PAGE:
The problem with that argument is that the absorption of East Germany into West Germany was only going to happen over the USSR's cold dead corpse or at least it's end-stage coma, by which time Poland would almost certainly be lost too and the problem would be a Polish one, not a Soviet/Russian one - as indeed turned out in practice. However, as WM points out, most folk would not be thinking about this in such objective detail....The risk of Ostdeutschland is that it could always be absorbed back into Westdeutschland, so any concessions that the Soviet Union will make towards it could eventually end up benefitting Westdeutschland.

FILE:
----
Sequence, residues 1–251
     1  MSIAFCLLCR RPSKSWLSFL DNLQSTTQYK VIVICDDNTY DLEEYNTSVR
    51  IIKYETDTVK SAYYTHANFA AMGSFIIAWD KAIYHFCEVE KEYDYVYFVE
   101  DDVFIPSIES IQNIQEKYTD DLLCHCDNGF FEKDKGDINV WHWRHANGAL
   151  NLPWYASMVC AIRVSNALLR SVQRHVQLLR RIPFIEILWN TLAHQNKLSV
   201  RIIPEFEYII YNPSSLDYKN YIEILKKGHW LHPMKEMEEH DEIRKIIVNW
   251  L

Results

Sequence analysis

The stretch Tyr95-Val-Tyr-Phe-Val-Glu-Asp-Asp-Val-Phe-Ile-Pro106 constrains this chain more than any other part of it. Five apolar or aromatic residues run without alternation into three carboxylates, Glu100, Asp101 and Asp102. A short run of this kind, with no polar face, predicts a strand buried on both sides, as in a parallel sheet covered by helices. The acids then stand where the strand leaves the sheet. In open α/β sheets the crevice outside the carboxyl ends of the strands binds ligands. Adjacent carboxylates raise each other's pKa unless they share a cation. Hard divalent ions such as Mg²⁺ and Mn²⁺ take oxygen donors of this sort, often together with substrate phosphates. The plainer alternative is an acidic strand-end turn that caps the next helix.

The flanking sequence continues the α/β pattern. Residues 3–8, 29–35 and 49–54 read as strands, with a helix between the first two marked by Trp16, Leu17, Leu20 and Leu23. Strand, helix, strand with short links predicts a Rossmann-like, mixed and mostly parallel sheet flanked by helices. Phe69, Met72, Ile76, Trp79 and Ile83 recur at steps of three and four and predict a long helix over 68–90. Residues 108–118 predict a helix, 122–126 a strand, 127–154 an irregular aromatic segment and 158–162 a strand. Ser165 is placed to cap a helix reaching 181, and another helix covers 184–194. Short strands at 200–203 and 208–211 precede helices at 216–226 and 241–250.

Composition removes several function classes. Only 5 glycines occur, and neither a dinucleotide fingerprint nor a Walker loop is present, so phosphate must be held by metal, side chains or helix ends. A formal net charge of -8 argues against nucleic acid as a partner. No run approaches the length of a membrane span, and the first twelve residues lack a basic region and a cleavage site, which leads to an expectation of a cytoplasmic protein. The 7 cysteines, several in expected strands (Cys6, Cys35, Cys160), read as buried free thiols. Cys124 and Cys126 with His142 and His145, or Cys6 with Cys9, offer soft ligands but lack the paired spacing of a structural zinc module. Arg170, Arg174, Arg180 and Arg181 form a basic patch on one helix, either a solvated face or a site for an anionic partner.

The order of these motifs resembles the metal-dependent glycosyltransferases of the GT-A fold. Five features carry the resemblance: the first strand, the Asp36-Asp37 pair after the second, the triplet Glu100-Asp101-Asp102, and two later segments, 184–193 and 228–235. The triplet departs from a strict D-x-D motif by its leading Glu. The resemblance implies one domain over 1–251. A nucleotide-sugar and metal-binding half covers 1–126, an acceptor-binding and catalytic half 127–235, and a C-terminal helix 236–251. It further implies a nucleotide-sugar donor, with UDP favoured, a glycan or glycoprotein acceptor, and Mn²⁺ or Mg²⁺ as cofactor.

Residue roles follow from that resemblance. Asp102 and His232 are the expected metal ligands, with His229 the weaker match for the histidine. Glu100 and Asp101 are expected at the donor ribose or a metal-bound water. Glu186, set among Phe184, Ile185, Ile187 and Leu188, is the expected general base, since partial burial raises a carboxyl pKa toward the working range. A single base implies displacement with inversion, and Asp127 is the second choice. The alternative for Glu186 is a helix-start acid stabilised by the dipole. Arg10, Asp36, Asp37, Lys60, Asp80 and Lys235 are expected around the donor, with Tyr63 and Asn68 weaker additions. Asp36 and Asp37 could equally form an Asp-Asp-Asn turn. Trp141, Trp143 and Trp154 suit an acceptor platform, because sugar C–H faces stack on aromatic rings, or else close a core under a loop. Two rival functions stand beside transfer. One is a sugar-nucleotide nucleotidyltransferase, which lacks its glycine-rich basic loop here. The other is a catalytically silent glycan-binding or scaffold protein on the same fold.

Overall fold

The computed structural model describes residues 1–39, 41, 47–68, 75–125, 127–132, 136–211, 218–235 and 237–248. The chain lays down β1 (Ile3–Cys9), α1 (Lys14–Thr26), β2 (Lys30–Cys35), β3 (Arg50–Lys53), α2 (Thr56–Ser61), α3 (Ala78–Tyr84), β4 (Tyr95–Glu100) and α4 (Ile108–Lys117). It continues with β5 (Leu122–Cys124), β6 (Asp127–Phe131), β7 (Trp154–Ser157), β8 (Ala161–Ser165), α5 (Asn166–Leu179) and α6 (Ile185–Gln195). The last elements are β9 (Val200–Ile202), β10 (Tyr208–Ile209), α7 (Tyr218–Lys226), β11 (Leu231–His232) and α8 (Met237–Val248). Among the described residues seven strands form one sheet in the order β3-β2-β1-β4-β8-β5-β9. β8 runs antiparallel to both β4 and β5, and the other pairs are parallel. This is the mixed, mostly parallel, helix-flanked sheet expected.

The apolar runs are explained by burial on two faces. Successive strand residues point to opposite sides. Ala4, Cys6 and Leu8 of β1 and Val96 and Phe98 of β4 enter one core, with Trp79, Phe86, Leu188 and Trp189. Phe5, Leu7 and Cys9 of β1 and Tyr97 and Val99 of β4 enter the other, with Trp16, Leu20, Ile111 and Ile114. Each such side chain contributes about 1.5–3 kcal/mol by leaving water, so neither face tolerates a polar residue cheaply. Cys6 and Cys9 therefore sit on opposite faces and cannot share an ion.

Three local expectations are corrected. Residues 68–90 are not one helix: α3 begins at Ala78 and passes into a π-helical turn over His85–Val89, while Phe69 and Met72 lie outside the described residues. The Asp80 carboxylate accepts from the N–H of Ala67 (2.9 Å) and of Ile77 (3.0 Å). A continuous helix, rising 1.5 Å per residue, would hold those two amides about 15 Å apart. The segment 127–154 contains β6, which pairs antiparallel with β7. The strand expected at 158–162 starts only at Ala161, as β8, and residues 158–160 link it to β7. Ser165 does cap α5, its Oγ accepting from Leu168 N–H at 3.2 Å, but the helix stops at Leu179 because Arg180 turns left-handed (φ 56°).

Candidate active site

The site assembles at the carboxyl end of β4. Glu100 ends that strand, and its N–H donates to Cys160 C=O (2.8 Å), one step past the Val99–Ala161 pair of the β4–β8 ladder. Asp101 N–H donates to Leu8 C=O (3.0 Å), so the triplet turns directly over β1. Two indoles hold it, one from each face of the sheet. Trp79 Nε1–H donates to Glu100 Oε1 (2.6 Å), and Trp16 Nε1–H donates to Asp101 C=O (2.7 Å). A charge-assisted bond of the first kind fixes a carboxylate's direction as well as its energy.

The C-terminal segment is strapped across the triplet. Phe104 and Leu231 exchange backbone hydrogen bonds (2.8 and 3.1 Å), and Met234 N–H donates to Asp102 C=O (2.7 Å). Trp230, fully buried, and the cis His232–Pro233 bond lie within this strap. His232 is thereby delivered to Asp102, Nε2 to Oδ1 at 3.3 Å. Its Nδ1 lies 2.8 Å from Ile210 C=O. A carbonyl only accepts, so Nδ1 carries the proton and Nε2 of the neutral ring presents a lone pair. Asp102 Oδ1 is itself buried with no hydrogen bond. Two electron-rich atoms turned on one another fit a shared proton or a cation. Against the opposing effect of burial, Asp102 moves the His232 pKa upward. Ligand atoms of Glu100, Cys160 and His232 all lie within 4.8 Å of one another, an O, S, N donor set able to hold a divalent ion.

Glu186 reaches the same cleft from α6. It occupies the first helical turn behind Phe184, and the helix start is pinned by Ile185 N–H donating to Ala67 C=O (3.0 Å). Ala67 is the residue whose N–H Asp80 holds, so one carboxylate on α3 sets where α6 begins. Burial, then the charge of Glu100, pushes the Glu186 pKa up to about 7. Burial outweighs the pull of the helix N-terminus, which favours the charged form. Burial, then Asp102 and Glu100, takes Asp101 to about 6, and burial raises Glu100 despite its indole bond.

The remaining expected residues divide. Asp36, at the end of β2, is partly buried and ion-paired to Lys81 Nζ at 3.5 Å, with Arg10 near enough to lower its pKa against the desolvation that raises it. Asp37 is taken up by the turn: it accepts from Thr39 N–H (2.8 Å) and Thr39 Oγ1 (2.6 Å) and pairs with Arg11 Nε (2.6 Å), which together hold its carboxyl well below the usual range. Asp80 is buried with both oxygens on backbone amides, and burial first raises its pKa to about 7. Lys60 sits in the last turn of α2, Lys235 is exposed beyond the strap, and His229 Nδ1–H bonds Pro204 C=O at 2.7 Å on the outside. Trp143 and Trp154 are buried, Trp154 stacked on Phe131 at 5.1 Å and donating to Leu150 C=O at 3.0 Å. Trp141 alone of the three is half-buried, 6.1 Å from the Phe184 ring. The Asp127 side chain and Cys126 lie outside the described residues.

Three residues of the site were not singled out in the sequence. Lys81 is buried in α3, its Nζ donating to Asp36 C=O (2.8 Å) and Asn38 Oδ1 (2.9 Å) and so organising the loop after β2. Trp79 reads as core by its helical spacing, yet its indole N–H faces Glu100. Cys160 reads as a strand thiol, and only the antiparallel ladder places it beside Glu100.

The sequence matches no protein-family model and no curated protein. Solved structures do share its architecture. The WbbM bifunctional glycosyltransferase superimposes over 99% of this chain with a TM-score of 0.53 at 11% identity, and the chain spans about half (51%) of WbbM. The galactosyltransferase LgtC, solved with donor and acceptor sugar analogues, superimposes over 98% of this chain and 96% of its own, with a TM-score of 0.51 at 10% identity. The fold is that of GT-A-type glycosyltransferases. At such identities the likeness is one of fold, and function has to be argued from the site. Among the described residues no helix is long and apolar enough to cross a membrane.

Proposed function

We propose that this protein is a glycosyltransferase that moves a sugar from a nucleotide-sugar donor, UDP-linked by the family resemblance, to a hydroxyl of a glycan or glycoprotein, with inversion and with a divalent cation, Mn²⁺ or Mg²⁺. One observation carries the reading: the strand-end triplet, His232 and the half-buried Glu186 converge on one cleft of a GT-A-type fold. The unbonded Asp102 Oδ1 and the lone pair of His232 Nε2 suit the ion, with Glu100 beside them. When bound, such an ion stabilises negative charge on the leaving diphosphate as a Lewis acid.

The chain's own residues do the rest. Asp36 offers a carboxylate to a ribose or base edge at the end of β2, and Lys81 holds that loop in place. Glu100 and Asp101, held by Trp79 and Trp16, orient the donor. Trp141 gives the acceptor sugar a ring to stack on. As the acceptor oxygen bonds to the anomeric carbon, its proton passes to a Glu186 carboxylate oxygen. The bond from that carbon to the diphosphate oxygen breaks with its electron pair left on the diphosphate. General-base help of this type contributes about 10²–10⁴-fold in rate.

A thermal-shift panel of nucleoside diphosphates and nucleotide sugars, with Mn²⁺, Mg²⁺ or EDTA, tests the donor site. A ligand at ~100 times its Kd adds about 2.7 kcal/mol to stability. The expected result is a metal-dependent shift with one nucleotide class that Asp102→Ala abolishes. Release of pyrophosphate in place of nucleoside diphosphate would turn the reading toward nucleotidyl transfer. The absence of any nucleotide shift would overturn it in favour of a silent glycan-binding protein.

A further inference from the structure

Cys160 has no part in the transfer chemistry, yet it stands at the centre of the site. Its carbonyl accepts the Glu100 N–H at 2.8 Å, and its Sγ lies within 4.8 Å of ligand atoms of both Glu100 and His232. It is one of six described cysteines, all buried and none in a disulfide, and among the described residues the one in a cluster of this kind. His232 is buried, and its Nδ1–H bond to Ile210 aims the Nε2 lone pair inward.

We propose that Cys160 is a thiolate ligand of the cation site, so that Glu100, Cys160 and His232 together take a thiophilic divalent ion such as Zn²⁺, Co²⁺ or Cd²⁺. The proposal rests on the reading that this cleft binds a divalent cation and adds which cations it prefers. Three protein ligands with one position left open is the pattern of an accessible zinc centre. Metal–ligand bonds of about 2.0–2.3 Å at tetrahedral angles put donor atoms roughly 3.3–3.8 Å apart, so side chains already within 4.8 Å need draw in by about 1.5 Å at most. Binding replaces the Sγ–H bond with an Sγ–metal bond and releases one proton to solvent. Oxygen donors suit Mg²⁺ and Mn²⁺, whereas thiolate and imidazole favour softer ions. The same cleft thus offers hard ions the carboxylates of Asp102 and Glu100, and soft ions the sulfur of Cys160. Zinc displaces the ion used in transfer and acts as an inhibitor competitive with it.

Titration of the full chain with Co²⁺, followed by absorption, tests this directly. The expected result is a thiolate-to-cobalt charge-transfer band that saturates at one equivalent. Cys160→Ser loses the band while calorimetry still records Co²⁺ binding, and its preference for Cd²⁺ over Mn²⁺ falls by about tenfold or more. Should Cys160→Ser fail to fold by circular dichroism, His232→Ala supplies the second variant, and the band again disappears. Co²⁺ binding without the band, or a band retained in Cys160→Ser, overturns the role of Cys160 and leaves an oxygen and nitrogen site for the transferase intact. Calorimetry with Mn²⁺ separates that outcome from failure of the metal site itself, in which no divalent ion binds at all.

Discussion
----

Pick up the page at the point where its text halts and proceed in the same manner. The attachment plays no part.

Interestingly in this context, am I right in thinking that the 1990 German–Polish Border Treaty was the first time since the war that Germany formally and explicitly renounced its territorial claims to any parts of present-day Poland and finalised the Oder-Neisse line as the boundary? This presumably was on top of the more general amendments to the German constitution in the run-up to unification, that limited Germany to present-day territories and thus made her no longer open to further expansion into former eastern territories that were now within the borders of other states (Poland, Russia and Lithuania). This, presumably, implies that prior to 1990 Germany was open to expansion eastwards?